The (final) statement is not true.
Consider an acute isosceles triangle with vertex angle $A$. Because the figure is symmetric about the altitude through $A$, any circle through $B$ and $C$ that meets $AB$ and $AC$ will meet these edges at points $D$ and $E$ such that $BD$ and $CE$ have intersection $H$ somewhere on that altitude.
On one extreme, the smallest circle under consideration is the one with diameter $BC$, which in fact leads to orthocenter $H$ (since $\angle BDC$ and $\angle BEC$ subtend a semicircle); on the other, the largest circle is the circumcircle of $\triangle ABC$, for which we have $H=A$. Other circles lead to points in between the orthocenter and $A$, so the conditions do not "usually" cause $H$ to be the orthocenter.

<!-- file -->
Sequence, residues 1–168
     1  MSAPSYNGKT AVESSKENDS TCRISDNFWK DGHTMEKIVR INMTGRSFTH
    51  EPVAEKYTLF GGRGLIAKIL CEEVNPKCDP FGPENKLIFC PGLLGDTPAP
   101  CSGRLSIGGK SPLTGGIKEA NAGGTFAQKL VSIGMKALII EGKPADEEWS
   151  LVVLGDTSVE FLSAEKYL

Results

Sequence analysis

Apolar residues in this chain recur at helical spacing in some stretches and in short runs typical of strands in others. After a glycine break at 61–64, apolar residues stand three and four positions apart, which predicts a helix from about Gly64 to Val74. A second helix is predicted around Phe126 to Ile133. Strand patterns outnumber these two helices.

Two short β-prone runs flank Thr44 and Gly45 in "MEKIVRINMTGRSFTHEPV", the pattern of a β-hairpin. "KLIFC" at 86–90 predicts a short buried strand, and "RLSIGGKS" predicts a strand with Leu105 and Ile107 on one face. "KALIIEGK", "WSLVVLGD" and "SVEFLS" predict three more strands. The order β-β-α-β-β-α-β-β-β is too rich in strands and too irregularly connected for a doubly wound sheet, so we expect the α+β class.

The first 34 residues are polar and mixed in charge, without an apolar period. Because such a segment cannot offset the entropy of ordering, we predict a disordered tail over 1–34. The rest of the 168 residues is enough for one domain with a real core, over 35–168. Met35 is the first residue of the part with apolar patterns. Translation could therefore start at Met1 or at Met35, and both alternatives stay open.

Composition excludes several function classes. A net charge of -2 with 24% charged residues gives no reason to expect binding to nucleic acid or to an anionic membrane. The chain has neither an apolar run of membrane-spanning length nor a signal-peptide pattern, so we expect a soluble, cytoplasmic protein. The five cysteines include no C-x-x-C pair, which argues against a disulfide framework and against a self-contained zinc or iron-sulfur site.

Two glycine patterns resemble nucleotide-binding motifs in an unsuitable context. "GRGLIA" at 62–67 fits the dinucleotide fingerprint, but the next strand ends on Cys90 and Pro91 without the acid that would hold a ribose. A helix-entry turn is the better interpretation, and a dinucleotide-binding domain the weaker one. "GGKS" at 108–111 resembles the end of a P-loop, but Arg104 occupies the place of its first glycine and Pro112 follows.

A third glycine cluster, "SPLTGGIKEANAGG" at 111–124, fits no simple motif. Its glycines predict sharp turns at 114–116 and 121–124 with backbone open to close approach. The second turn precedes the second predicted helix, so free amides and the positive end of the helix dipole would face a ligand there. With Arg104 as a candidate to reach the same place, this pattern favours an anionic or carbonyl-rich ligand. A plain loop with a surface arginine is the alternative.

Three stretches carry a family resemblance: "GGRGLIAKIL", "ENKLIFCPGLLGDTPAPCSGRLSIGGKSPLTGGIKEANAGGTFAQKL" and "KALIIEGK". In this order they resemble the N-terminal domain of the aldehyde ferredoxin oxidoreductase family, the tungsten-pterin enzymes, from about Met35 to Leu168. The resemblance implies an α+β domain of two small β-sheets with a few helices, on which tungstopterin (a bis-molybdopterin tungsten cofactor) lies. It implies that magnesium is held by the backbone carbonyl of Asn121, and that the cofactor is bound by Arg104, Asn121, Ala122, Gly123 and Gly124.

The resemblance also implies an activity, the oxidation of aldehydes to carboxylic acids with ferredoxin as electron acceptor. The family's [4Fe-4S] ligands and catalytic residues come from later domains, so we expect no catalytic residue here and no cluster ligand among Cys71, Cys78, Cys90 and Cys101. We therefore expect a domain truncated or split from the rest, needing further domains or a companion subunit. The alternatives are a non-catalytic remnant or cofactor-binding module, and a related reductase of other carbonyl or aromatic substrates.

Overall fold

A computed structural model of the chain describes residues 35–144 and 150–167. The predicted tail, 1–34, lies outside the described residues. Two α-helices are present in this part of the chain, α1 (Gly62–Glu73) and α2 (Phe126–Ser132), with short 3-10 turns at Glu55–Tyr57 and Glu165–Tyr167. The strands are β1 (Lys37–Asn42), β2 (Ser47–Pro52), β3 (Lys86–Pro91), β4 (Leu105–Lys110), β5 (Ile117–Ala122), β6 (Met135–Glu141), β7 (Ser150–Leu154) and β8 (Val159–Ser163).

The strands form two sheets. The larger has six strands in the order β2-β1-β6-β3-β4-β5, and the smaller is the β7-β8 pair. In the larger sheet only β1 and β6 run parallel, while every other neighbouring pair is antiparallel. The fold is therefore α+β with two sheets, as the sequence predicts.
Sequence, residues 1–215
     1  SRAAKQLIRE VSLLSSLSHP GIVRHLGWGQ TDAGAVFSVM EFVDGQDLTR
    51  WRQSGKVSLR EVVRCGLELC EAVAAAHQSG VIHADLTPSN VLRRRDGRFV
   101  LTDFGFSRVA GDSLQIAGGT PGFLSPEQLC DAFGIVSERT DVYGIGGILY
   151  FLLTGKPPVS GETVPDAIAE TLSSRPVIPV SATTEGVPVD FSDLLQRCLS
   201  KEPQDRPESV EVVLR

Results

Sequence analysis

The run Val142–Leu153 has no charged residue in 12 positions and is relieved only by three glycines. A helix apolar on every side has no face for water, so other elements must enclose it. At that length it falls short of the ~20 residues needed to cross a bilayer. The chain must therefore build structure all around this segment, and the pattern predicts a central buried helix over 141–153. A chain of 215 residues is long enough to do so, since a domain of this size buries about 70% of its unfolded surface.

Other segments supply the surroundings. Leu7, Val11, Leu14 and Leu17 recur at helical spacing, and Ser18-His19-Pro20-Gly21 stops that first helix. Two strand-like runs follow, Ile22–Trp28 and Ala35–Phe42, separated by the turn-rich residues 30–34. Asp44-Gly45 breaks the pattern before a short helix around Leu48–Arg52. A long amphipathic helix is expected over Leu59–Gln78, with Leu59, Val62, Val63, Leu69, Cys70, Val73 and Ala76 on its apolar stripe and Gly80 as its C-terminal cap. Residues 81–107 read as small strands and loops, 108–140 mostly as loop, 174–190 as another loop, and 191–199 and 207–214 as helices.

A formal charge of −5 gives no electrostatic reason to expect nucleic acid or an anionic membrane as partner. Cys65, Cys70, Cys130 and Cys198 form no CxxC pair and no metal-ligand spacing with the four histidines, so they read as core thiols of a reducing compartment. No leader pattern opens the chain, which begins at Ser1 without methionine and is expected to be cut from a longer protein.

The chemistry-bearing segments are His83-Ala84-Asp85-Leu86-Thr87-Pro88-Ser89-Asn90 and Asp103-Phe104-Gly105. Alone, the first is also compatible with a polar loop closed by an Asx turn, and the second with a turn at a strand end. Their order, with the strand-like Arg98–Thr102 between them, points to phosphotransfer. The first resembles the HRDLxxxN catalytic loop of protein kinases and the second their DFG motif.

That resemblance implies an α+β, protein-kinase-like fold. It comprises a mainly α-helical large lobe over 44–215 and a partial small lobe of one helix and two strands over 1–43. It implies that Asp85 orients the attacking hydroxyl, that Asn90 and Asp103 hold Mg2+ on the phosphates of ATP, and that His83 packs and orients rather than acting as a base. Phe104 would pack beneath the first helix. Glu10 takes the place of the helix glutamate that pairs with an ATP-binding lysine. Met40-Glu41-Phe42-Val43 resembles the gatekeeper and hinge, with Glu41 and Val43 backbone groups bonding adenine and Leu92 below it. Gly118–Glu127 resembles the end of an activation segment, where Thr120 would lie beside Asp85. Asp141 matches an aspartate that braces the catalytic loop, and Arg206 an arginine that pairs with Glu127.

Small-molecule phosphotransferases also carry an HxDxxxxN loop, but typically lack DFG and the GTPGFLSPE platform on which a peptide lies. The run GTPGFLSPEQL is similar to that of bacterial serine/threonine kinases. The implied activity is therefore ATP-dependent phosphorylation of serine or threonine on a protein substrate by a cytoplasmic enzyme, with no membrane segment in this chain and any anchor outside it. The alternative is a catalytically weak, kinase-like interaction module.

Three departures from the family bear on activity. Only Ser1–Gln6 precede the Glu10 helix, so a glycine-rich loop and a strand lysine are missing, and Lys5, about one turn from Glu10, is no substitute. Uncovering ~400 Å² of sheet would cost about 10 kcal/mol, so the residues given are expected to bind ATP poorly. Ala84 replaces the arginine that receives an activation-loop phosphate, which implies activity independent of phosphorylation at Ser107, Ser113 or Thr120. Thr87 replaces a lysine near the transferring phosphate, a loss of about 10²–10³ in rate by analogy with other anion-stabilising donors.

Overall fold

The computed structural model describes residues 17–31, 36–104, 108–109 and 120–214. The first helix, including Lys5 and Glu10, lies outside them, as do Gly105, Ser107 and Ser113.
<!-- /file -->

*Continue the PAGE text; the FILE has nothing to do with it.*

A note about the acuteness condition: were $\triangle ABC$ a right isosceles triangle, the two "extreme" circles mentioned above would coincide, and we would indeed have $H=A$ lie at the orthocenter. Were the triangle obtuse, then it would lie entirely within the smallest circle (with diameter $BC$), allowing no intersection points $D$ and $E$ with the sides of the triangle. (Extended sides are another matter.)